How come so many posts on San Francisco lately? Let’s make it official: The Open Planning Project will be launching Streetsblog San Francisco in January 2009.
After interviewing many highly qualified candidates during last month’s RailVolution conference, we’ve hired Bryan Goebel as the site’s editor and Matthew Roth as full-time reporter. Bryan is a veteran journalist, radio reporter and active San Francisco Bicycle Coalition member. Matthew recently moved to the Bay Area from New York City where he worked for Transportation Alternatives as director of the New York City Streets Renaissance Campaign and spearheaded efforts to curb government employee parking abuse. In addition to support and overhead provided by TOPP, San Francisco Streetsblog will be funded by a generous donation from Jonathan Weiner, a bike-commuting, Muni-riding software entrepreneur and a grant from the Wallace Global Fund.
In talking with Bay Area livable streets advocates over the last few months, it’s become clear that there is a tremendous latent demand for the kind of "Streets Renaissance" we’ve seen get underway here in New York over the last few years. Bay Area cyclists are deeply frustrated over the legal injunction that has ground development of the city’s bike infrastructure to a complete halt. Transit advocates see the city’s crowded, sluggish Muni system locked in stasis, with progress on critical projects like the Geary Street bus rapid transit line held hostage by powerful neighborhood NIMBY’s and the transit system’s own bureaucracy. As in New York City, San Francisco seems happy to allow big real estate developers to cram as many parking spots into their projects as possible — even when it contradicts the city’s own guidelines. The city’s rapidly disintegrating mainstream media outlets, of course, barely cover any of this.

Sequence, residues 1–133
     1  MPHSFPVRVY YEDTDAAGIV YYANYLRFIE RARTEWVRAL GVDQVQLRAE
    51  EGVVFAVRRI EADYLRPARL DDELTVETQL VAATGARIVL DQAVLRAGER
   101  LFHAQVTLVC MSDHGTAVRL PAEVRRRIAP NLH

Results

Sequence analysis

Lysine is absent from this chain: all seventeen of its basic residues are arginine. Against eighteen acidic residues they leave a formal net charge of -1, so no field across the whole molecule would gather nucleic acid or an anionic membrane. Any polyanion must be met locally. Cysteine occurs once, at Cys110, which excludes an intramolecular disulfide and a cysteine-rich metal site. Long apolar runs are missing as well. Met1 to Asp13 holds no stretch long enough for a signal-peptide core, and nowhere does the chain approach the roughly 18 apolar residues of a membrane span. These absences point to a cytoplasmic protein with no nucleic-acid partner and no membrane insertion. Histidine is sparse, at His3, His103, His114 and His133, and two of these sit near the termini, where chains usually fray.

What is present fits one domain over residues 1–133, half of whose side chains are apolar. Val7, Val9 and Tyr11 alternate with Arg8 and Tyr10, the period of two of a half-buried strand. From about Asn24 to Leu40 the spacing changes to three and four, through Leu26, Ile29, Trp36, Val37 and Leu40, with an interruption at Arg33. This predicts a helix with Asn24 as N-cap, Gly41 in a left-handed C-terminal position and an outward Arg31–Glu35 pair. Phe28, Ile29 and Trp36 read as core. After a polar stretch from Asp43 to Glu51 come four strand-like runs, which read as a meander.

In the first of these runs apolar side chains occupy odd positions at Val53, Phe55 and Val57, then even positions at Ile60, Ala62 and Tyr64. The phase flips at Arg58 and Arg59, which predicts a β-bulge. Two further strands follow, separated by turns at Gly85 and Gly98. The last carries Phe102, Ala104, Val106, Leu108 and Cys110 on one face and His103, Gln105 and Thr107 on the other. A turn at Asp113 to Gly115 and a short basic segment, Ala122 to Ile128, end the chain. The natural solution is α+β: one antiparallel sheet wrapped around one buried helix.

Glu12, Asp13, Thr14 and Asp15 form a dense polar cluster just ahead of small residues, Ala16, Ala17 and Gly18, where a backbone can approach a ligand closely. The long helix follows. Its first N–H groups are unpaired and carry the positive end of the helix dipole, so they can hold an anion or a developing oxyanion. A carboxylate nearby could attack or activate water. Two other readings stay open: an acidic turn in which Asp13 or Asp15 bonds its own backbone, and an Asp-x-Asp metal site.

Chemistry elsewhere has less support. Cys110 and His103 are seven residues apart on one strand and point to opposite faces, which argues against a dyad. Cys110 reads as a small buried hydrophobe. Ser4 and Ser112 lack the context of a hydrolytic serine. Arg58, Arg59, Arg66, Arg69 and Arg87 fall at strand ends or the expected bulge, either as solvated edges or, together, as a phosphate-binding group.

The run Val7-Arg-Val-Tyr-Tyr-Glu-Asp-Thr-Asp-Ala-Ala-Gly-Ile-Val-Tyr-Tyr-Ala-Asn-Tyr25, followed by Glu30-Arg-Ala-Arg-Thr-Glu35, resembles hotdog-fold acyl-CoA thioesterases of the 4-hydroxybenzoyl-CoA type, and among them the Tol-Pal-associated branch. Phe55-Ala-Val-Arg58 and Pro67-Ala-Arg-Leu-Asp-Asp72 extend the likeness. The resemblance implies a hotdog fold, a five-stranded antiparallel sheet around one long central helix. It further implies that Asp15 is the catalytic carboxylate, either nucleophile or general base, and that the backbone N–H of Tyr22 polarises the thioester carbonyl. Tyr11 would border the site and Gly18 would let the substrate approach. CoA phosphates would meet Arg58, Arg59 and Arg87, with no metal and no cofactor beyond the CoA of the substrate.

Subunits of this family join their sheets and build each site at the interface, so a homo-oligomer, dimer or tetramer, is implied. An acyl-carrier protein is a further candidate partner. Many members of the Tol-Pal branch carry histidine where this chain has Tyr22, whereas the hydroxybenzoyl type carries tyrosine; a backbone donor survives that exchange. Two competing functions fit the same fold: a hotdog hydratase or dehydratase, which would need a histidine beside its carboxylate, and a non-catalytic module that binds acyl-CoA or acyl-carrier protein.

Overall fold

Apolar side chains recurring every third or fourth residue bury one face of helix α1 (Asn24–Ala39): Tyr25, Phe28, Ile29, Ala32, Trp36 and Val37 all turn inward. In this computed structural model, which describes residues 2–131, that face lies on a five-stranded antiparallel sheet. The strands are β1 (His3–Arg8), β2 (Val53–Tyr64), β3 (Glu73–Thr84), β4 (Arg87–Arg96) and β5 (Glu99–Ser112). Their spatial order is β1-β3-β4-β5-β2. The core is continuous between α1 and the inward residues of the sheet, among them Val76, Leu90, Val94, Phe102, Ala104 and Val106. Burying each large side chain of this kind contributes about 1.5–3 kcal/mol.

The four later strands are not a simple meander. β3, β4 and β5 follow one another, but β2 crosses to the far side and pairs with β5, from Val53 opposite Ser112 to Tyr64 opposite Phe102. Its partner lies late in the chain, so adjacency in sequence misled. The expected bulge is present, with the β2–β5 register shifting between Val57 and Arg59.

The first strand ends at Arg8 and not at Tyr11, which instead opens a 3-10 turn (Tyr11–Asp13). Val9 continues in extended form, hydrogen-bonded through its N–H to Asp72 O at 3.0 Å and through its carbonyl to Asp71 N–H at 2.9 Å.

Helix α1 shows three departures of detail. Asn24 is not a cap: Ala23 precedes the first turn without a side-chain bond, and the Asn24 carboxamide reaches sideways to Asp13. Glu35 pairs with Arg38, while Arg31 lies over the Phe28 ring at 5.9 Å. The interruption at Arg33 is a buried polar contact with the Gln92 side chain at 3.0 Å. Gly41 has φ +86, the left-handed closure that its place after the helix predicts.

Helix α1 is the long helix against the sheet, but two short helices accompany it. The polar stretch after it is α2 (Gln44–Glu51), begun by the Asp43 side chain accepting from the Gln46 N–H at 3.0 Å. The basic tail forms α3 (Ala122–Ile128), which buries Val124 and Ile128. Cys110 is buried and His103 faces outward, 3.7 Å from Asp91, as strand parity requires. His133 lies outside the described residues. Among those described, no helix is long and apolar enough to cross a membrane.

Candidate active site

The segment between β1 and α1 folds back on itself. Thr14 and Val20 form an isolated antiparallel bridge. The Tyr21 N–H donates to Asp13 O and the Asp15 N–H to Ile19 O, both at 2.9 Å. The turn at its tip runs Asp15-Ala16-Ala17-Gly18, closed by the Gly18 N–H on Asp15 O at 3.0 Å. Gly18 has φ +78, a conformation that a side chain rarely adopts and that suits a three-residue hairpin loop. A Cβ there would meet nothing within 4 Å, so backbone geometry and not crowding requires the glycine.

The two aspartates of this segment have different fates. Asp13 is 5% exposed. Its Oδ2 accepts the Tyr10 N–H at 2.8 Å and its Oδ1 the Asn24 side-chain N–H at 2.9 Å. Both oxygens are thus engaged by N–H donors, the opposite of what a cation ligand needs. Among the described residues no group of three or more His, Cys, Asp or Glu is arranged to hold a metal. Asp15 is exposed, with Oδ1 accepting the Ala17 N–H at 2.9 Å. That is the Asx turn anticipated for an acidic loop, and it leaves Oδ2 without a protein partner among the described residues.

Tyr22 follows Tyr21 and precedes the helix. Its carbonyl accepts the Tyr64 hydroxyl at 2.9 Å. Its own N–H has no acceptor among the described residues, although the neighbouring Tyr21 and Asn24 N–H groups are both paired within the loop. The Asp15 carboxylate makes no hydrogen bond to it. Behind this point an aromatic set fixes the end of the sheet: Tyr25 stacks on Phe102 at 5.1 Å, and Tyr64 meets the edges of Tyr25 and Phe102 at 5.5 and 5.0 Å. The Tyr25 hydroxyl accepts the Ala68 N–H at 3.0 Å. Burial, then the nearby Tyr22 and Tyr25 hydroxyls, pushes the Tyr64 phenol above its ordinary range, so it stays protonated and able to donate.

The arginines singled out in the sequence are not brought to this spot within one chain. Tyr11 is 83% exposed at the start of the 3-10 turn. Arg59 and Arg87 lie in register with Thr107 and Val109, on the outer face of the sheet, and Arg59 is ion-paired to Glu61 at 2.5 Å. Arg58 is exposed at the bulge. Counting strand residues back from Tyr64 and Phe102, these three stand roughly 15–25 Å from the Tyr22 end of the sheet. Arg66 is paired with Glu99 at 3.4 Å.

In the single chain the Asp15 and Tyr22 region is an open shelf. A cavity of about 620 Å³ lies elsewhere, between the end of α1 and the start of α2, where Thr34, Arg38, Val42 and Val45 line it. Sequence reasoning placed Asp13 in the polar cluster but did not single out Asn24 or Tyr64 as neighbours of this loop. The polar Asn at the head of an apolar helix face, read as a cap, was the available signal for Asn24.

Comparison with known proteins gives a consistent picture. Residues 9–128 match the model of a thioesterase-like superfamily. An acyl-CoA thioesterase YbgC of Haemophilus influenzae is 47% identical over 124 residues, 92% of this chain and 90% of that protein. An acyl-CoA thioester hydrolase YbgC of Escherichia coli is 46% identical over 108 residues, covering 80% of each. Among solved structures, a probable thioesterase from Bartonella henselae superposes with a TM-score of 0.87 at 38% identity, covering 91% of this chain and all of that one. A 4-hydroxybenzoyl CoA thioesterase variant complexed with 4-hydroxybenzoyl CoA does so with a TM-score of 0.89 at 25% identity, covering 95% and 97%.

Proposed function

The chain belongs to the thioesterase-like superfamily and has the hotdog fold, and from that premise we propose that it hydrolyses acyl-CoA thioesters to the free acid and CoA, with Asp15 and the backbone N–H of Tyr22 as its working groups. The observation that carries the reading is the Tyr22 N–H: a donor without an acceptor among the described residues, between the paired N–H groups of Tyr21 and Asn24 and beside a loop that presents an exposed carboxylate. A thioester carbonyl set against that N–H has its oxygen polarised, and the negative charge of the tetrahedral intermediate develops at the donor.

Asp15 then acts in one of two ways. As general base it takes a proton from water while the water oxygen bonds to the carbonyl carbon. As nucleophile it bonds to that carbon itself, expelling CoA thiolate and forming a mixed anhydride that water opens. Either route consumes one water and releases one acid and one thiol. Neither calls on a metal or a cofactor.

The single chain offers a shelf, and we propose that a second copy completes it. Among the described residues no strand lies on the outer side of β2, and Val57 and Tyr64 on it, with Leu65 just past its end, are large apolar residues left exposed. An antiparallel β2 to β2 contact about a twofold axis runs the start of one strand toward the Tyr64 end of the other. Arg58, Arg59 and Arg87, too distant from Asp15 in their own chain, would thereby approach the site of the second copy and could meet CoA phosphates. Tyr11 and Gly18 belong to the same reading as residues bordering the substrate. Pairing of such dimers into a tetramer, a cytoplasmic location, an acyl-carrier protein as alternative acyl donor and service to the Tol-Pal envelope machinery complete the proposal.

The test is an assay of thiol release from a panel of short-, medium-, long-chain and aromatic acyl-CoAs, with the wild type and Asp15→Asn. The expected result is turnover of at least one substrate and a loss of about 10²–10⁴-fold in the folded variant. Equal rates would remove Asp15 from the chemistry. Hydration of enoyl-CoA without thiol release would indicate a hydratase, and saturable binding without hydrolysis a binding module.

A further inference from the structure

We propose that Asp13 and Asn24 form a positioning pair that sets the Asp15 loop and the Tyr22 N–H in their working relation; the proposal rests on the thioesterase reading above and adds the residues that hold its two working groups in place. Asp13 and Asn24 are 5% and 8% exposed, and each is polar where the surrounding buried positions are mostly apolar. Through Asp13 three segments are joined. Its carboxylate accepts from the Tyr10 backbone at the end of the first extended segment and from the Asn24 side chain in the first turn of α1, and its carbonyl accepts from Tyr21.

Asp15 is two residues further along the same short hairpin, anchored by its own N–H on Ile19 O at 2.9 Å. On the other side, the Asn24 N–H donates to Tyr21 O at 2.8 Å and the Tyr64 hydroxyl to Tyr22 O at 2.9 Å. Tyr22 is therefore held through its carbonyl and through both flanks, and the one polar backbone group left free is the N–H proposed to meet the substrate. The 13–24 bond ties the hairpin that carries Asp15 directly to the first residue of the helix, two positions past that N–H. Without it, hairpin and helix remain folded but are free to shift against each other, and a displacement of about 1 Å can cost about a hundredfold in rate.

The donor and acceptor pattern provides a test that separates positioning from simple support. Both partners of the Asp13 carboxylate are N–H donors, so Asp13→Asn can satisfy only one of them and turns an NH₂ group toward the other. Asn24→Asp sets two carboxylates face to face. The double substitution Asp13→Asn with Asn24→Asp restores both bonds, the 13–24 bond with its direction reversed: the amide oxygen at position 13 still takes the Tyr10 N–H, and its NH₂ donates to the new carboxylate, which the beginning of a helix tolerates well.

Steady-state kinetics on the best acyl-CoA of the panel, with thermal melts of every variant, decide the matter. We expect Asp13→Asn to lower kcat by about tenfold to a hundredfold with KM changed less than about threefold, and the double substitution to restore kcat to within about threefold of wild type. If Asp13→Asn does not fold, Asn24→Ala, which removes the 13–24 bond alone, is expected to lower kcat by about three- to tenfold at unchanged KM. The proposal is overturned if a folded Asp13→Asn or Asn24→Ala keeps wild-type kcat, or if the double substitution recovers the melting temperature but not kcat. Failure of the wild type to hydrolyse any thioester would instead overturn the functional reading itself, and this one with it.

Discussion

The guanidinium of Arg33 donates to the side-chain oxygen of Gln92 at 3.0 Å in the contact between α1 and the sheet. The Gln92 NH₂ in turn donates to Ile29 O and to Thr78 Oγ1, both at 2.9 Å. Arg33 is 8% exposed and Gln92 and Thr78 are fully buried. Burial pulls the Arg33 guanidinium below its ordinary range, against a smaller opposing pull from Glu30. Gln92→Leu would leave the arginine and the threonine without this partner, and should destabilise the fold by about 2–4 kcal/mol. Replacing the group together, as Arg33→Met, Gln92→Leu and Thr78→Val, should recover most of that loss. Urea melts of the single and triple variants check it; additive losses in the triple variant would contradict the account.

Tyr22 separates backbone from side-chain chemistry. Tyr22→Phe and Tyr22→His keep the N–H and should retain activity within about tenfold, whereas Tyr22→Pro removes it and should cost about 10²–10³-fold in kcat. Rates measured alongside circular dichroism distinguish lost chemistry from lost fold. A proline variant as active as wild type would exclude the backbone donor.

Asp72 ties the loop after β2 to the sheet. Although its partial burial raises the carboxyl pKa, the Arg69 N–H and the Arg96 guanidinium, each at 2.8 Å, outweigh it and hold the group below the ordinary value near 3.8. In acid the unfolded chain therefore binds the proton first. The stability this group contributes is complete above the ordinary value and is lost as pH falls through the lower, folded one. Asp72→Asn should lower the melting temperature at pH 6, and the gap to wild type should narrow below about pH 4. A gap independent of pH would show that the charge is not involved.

It’s not all bad news though. San Francisco has launched what is likely to be the nation’s most innovative, high-tech, congestion-busting parking reform program. This summer’s Sunday Streets event (which got the green light after advocates showed Mayor Gavin Newsom our Ciclovia Streetfilm) was a popular success. And the city has hired Danish urban designer Jan Gehl to start rethinking San Francisco’s streets and public spaces. Newsom’s administration is saying lots of the right things lately. Wade Crowfoot, the mayor’s director of climate protection initiatives, really seems to get it when it comes to livable streets. Yet, many San Francisco advocates still question whether Newsom, who has his eye on the governor’s office, is more interested in results or headlines. In private, they often refer to him as "Mayor Press Release." It’s clear to me that San Francisco could really use the daily focus on transportation policy, the intelligent online discussion forum, and the occasional kick in the pants that Streetsblog has been known to deliver. We look forward to working there.
But let’s also be clear about our place in all of this: Streetsblog isn’t just going to roll in to town sprinkling new bus rapid transit lines, bike lanes and a car-free Market Street in its wake. Sure, we hope to break some big stories and play an important role, but as it has been in New York City, Streetsblog is ultimately only as effective as the advocacy community it is part of. The San Francisco Bicycle Coalition, with its 10,000 members (nearly twice as many members as Transportation Alternatives in a city one-tenth the size of New York) is one of San Francisco’s most powerful political organizations. Tom Radulovich at Livable City has been successful in pushing an innovative parking reform agenda among other important issues. Walk San Francisco is keeping an eye on pedestrians. And groups like SPUR and TranForm are addressing the regional transportation and planning issues. Streetsblog will be covering the work of all of these organizations and providing an online forum for their members to discuss the issues.
We’re also well aware that we’re not the only blog in town. The Bay Area is blessed with a number of outstanding transportation blogs: Chris Carlsson’s Nowtopian, Transbay Blog, San Francisco Bike Blog, The N-Judah Chronicles and The Overhead Wire are some of my favorites. We look forward to joining their blogrolls and making San Francisco a better city for pedestrians, cyclists and transit riders.